How Did George Pullman Control Their Employees

794 Words4 Pages

George Pullman, and other employers, controlled their employees and did not care if the wage was too low or the working conditions weren’t safe. George Pullman controlled a company that manufactured sleeping cars for trains and operated them under contract to the railroads. He created Pullman City to house his employees; it was a three thousand acre plot of land south of Chicago in the area of 114th Street and Cottage Grove. His employees were required to live in Pullman City. He made the clergy pay rent to use the church, and he charged money for use of the library. The workers were expected to accept pay cuts and not criticize workloads. If a worker went into debt, the money was taken from his paycheck (Brendel). George Pullman was extremely eager to earn money and extremely tight-fisted when it came to paying his employees. This caused the Pullman Palace Car Company workers to walk out on May 11, 1894 (Smith). This was called a “wildcat strike” because the workers did not have permission from their union to strike. …show more content…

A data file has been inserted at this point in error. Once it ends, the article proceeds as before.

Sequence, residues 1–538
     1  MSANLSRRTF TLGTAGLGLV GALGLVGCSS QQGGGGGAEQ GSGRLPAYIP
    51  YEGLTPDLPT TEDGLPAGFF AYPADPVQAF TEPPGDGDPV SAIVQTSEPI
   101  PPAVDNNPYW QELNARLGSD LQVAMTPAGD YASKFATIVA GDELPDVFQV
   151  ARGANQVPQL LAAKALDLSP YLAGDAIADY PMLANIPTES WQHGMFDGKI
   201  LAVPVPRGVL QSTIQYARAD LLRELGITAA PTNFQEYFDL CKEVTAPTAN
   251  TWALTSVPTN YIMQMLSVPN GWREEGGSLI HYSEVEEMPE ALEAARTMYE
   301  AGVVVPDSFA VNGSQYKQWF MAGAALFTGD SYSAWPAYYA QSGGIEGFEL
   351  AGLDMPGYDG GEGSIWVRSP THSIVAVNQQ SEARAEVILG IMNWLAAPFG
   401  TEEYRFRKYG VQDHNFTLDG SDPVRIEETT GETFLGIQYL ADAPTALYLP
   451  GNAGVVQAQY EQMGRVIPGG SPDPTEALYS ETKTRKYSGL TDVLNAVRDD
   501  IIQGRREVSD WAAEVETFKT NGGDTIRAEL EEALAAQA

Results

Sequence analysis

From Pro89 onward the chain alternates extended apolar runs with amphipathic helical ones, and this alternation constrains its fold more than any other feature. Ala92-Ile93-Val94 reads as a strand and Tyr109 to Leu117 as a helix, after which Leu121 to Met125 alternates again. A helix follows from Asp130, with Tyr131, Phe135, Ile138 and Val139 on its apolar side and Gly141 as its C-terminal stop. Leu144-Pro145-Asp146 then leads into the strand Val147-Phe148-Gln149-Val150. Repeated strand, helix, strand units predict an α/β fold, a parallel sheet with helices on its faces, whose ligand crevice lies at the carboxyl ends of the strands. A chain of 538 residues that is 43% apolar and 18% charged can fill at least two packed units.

They have set rules and regulations for workers so that they can be safe while doing their jobs and are forcing employers to raise wages. The early unions obtained the eight hour work day and the foundation for the Workers Compensation Acts, but the unions today have built on that foundation and raised the standards, so that the working men and women can give their families a roof over their heads and food on the table. Labor unions fight for the rights of workers. Today, they are trying to keep jobs in America and get the companies to let union workers to do the jobs needed instead of hired contractors. Many people today would agree with Mother Jones when she said “As I long to see the day when Labor will have the destiny of the nation in her own hands and she will stand as a united force and show the world what the workers can do.”

Show More
Open Document